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EDIT (Feb 24): See bottom of the post for extra information, examples, and code.

There has been some downtime at work lately, so I decided to pick up some Bash scripting and automate the process of building our products. Here's a simplified version of our setup:

  • There are three types of code bases - base libraries, old interfaces, and new interfaces
  • Building is done in two steps - #1 setting the environment(al variables) and #2 compiling an executable / package; both of those are done with scripts, some of which take command line arguments, and some don't.
  • Each code base uses a different set-env and build scripts (so the scripts directory could have things like,,,, etc...)

So. What I wanted to do is create some (combination of) Bash functions and scripts that would:

  • Detect which code base's directory I am currently in
  • Parse through any number of command line options / arguments. I've been using getopts in my attempts.
    • Some options are just flags (e.g. -v for verbose output) and some require a value (e.g. -version 3.0)
  • Run the appropriate set-env script
  • Run the appropriate build script

First I tried putting all this in a single .sh file. I ran into a problem where some of the build scripts would try to read my own command line arguments as if they were meant for them. So I'd run something like ~/ -v and would get an error like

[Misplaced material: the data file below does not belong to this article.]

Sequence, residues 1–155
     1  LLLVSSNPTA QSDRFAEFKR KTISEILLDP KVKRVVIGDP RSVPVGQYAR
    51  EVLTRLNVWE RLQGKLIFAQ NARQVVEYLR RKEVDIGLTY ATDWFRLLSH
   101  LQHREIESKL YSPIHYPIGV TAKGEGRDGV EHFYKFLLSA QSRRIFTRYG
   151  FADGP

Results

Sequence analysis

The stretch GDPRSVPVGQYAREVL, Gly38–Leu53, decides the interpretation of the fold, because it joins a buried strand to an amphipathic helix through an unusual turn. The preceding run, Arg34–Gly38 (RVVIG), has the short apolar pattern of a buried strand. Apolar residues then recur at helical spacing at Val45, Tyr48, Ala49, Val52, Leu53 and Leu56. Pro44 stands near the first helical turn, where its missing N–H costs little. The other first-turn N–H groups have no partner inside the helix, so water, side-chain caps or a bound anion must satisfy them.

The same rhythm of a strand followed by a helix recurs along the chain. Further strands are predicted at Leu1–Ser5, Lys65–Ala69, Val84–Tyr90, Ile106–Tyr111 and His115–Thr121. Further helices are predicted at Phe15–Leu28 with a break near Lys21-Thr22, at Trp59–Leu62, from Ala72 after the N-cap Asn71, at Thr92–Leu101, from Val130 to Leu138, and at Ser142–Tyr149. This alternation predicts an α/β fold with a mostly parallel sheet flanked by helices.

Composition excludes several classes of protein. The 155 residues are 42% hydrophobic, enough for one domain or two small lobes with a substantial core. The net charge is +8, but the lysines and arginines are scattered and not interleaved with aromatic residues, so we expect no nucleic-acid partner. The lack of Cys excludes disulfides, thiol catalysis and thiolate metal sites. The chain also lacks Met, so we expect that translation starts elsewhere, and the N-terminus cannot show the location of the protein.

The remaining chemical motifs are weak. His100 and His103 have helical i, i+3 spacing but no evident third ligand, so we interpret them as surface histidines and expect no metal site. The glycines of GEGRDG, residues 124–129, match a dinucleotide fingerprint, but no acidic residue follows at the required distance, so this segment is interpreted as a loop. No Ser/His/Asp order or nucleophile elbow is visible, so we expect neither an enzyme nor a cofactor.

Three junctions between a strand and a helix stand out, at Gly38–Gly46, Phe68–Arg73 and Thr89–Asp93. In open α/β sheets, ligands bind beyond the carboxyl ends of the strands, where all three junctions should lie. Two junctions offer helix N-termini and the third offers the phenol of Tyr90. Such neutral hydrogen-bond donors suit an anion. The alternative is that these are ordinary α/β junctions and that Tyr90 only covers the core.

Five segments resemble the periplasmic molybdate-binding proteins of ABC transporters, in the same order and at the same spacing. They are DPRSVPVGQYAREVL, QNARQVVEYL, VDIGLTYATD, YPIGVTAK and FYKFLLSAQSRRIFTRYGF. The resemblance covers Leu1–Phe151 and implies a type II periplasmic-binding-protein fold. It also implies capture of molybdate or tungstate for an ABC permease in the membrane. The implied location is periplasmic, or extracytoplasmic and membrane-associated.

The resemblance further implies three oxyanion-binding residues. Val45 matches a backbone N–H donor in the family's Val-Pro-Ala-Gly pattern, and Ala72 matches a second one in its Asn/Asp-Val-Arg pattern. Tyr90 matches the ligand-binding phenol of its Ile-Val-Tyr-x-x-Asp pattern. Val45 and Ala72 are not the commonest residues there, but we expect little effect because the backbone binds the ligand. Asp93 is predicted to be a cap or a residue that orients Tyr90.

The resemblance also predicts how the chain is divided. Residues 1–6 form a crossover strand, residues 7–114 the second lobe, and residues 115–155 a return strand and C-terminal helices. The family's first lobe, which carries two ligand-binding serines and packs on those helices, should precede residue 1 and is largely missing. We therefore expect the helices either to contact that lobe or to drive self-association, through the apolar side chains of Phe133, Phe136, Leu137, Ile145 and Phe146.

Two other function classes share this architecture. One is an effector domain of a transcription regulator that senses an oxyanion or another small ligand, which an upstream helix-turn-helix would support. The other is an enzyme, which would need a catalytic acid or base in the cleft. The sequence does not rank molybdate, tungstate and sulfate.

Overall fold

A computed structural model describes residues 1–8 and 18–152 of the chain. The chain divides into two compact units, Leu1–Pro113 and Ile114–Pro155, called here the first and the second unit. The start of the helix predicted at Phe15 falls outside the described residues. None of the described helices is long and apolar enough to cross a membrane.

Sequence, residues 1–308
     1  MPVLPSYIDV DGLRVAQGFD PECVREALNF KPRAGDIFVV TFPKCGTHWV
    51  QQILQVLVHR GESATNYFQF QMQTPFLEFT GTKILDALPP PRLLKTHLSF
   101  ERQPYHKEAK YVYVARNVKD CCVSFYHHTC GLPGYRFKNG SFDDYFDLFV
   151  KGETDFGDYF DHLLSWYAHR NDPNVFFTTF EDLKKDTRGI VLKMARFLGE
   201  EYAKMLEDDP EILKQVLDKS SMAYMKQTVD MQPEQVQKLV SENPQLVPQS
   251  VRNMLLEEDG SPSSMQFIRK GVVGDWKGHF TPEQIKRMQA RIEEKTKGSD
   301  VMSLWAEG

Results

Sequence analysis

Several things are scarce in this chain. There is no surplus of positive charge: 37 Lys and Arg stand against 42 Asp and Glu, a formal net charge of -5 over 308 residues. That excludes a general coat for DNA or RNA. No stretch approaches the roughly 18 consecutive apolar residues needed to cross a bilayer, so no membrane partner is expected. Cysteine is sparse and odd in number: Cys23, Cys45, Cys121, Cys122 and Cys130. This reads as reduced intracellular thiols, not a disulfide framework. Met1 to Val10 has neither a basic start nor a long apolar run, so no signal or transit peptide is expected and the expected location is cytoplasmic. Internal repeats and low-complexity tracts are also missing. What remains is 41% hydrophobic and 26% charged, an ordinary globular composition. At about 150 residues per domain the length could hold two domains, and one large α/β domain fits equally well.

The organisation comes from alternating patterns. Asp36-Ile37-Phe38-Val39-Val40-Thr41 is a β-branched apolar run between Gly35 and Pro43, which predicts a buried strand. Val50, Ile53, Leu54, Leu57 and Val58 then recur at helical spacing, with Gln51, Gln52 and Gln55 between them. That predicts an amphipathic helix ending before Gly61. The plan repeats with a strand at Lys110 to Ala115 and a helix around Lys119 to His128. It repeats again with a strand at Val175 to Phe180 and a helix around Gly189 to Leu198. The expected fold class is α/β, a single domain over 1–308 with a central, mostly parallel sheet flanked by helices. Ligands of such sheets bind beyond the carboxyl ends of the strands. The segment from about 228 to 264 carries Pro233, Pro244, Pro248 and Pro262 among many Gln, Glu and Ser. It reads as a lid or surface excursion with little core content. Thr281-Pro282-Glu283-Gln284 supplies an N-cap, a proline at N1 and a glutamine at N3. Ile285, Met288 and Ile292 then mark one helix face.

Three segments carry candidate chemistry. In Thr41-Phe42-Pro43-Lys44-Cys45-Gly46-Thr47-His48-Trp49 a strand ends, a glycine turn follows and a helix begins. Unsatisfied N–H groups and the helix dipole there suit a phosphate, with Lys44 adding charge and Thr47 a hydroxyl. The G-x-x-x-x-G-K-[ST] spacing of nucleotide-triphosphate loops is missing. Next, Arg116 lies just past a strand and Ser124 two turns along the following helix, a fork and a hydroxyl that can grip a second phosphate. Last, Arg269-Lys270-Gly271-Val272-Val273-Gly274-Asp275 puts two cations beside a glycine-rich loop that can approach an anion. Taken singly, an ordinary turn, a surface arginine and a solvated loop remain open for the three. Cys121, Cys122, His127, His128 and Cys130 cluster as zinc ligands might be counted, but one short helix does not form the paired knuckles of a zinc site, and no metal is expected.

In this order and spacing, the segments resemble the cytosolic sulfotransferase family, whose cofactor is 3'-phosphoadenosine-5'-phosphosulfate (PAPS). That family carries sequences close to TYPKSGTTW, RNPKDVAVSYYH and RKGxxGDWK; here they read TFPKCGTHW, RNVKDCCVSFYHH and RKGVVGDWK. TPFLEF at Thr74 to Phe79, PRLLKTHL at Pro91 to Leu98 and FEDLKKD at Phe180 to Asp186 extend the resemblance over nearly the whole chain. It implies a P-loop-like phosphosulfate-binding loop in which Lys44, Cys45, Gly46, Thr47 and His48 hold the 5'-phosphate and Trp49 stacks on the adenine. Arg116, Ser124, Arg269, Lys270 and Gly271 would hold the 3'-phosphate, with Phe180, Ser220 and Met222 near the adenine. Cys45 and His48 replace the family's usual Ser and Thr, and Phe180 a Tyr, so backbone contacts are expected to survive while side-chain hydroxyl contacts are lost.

~/scripts/ line X: cd: -v: invalid option  
cd: usage: cd [-L|-P] [dir]  

because checks if the argument passed to it as either --debug or --release and if it's not (if it is, for example, -v), it treats it as a filepath and passes it to a cd call. Which is fine for the original script, but it messes up my wrapper. So question #1: can I still put everything in a single .sh file, but somehow avoid this issue (call the appropriate build scripts with only a subset or none of the original command line arguments, maybe?)?

When this didn't work, I tried splitting the functionality - so I would have and, and have the former parse through my own command line arguments, and then call the latter with any or none of the original options (so if I run ~/ -g -version 3.0, I could choose whether to then call ~/ with -g, with -version 3.0, with both, or with neither). Except I apparently don't know enough about Bash to make this run - when I run ~/ I don't actually see any of the output I am supposed to see from I suspect it has to do with child processes and subshells, but I just don't know... I also tried creating a small bash function in ~/.bashrc and then have that function call the other two scripts, but ran into the same problem.

So... advise me, please?

--- EDIT (Feb 24) ---

For simplicity's sake, I've reduced the number of possible situations. Let's assume I am going to be running my script with the following options and arguments:
~/ -c -v ver.3.0 --debug
where -c just sets some flag, -v makes it so I need to append "ver.3.0" to the end of the build command, and --debug is an argument handled by the build scripts, it's not one of my own (so I'll need to pass it along, if it's provided).